New Equity Indices for Czechoslovakia

New Equity Indices for Czechoslovakia

Bryan Taylor, Chief Economist, Global Financial Data


               One of the countries whose equity history has not been explored in detail is Austria. Austria is one of the few countries for which we have over 200 years of data for stocks, bonds and bills.  The only countries with longer histories are the United Kingdom, France, and the United States.

The Vienna Stock Exchange has been in operation for over 250 years. Austria’s public debt began trading in Vienna in 1763, in Amsterdam in the 1780s and London in 1795. Shares of the Austrian National Bank began trading in Vienna in 1817.  Austrian railroads and banks traded on exchanges in Austria and Germany during the 1830s and by the 1870s, hundreds of shares traded in both Germany and Austria.

Before 1914, stocks from all areas of the Austro-Hungarian Empire traded in Vienna, but after World War I, the Austro-Hungarian Empire was broken up, and the regional exchanges in Prague and Budapest became the primary national exchanges for Czechoslovakia and Hungary.  In 1948, the stock exchanges in Prague and Budapest were closed when the government nationalized all the major industries.  Only in the 1990s did these two exchanges reopen. 

In 1913, Austria-Hungary represented about 3% of global market capitalization, but today, Austria represents only 0.10% of S&P’s Global Market Index of 50 countries and only 0.13% if you include Hungary and the Czech Republic. In 1913, the Austria-Hungarian Empire was one of the great powers of Europe, along with England, France, Germany and Russia. Vienna was a cultural center where Sigmund Freud, Guztav Klimt, Arnold Schoenberg and others contributed to the nation’s culture.

The Austro-Hungarian Empire

               Before World War I, the Austro-Hungarian Empire was one of the largest economies in Europe.  The Empire included all of Austria, Hungary, the Czech Republic, Slovakia, Slovenia, Croatia and Bosnia & Herzegovina as well as parts of Poland, Ukraine, Romania, Serbia, Montenegro and Italy. It should be remembered that Austria stopped the Muslim invasion of Europe at the gates of Austria in 1529 and again in 1683.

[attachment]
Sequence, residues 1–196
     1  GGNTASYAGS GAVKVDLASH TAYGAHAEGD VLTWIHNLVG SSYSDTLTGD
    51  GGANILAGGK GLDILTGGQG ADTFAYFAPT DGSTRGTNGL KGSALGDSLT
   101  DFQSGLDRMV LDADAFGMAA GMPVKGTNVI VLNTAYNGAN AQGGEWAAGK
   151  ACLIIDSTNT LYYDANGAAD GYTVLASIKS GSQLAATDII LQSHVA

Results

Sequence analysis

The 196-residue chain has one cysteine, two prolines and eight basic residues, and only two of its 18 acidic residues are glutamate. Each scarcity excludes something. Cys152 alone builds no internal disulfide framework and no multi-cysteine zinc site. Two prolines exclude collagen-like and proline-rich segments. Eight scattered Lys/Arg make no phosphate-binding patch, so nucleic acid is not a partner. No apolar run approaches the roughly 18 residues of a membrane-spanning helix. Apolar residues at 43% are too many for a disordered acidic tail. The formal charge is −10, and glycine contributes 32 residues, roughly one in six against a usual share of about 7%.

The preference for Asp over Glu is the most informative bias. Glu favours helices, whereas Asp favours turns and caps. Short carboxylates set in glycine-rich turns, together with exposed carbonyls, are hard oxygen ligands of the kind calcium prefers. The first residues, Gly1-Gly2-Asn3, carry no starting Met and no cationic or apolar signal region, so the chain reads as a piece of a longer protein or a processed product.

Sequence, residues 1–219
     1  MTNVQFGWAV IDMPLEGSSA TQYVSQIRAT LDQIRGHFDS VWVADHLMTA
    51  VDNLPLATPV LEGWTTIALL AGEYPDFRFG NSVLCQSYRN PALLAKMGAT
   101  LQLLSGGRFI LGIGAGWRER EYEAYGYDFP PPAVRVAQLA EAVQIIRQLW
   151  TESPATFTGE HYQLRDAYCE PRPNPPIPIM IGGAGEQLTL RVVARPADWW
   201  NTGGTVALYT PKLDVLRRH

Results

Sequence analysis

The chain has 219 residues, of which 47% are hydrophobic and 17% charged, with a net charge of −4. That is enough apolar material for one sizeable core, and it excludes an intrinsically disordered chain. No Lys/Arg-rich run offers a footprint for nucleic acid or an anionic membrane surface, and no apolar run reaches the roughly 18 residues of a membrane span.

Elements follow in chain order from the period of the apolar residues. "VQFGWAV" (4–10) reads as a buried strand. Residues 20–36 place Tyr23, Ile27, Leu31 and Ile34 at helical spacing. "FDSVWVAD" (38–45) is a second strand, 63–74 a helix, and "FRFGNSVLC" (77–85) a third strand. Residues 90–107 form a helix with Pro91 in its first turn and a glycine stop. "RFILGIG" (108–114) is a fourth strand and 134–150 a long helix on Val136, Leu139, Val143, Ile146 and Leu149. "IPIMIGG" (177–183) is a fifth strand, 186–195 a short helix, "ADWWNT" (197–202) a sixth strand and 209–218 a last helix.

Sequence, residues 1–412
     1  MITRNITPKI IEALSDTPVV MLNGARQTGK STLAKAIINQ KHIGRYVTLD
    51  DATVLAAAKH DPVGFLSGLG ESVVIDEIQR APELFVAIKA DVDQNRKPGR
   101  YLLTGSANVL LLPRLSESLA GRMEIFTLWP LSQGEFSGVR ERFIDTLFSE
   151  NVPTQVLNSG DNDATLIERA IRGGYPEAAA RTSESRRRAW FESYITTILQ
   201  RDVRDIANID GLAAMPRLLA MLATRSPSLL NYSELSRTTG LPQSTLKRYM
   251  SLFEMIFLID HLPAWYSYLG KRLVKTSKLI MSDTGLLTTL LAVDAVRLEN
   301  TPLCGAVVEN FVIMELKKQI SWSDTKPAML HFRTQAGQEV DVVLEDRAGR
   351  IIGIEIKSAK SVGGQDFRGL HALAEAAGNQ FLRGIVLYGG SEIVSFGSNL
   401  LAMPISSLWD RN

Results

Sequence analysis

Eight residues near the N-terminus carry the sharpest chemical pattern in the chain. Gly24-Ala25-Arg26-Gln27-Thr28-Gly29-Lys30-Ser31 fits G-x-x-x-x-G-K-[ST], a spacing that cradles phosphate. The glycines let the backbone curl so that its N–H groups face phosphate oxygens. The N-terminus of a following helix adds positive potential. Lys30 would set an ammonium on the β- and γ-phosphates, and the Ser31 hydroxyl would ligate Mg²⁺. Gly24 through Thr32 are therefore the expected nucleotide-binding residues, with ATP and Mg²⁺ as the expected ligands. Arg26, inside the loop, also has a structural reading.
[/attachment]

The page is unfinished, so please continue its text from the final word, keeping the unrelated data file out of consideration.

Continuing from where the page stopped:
The Duchy of Bohemia was recognized as an Imperial State of the Holy Roman Empire in 1002, became a kingdom in 1198 and was integrated into the Habsburg Monarchy in the 1500s. Austria suffered defeat during the Napoleonic Wars and the Holy Roman Empire came to an end in 1806. The Congress of Vienna in 1815 established Austria, which included Bohemia and Moravia, as one of the four European powers along with England, France and Russia. However, the empire was multi-ethnic and the different nationalities within the Austro-Hungarian Empire strived for independence.

               Archduke Franz Ferdinand was assassinated in Sarajevo in 1914 which led to the onset of World War I. After Austria’s defeat in World War I, the Austro-Hungarian empire was broken up under the Treaty of Saint Germain in 1919. This led to the creation of several new countries, Austria, Hungary, and Czechoslovakia, and the remaining parts of the Empire were allocated to Yugoslavia, Poland, Ukraine, Romania, Serbia and Italy according to their linguistic and cultural heritage.  Czechoslovakia was the only country of the Austro-Hungarian Empire that remained democratic between World War I and World War II.  Nazi Germany took control over the Czech lands after the Munich Agreement of 1938.  Czechoslovakia was freed from Nazi rule in 1945, and after a coup d’etat in 1948, Czechoslovakia became a communist country in the Eastern Bloc.  The Velvet Revolution ended Communist rule in November 1989 and on January 1, 1993, Czechoslovakia dissolved into the Czech Republic and Slovakia.


Austria and Czech Government Debt


               The Vienna Stock Exchange was established in 1771 as a place where Austrian public debt could trade. Austrian debt was also issued in Amsterdam, Vienna, London and other cities in Europe during the 1800s.  Austria suffered inflation during the 1790s reducing the value of its banknotes to 15% of their face value. Austrian banknotes were devalued by 80%. The Austrian National Bank was created in 1816 and in 1817 the bank began issuing currency.  Austria suffered through revolution in 1848 and 1849, suspended payments on its debt in 1849, suffered militarily during the Prussian-Austrian conflict of 1850 and the Crimean War of 1853 to 1856. Austria suffered defeat in the Austria-Prussian War in 1866, faced rebellion from Hungary in 1867 and suffered a “Boersenkrach” stock market crash in 1873.  

Austria-Hungary was defeated in World War I and its debt was reallocated among the surviving countries with Czechoslovakia taking about 40% of Austria’s debt.  Czechoslovakia suspended payment on its foreign debt during World War II, but began servicing its debt after the war was over.  The yield on Austrian bonds between 1788 and 2022 is illustrated in Figure 2.


Figure 2.  Yields on Austrian Government Bonds from 1788 to 2021


Figure 3 illustrates the yield on Czech Bonds between 1922 and 1972.  Czech bonds were in default during World War II.  After the war, Czechoslovakia began paying interest on its bonds again, but after the Communist coup d’etat in 1948, Czechoslovakia went back into default and remained in default.


Figure 3.  Czechoslovakia External Bond Yields, 1922 to 1972

               Both the Czech Republic and Slovakia have had low inflation since they were established in 1993 and Slovakia now uses the Euro as its currency.  Consequently, bond yields have been comparable to yields in Euro countries, even briefly turning negative in Slovakia.  Figure 4 compares the yields on 10-year government bonds in both the Czech Republic and Slovakia.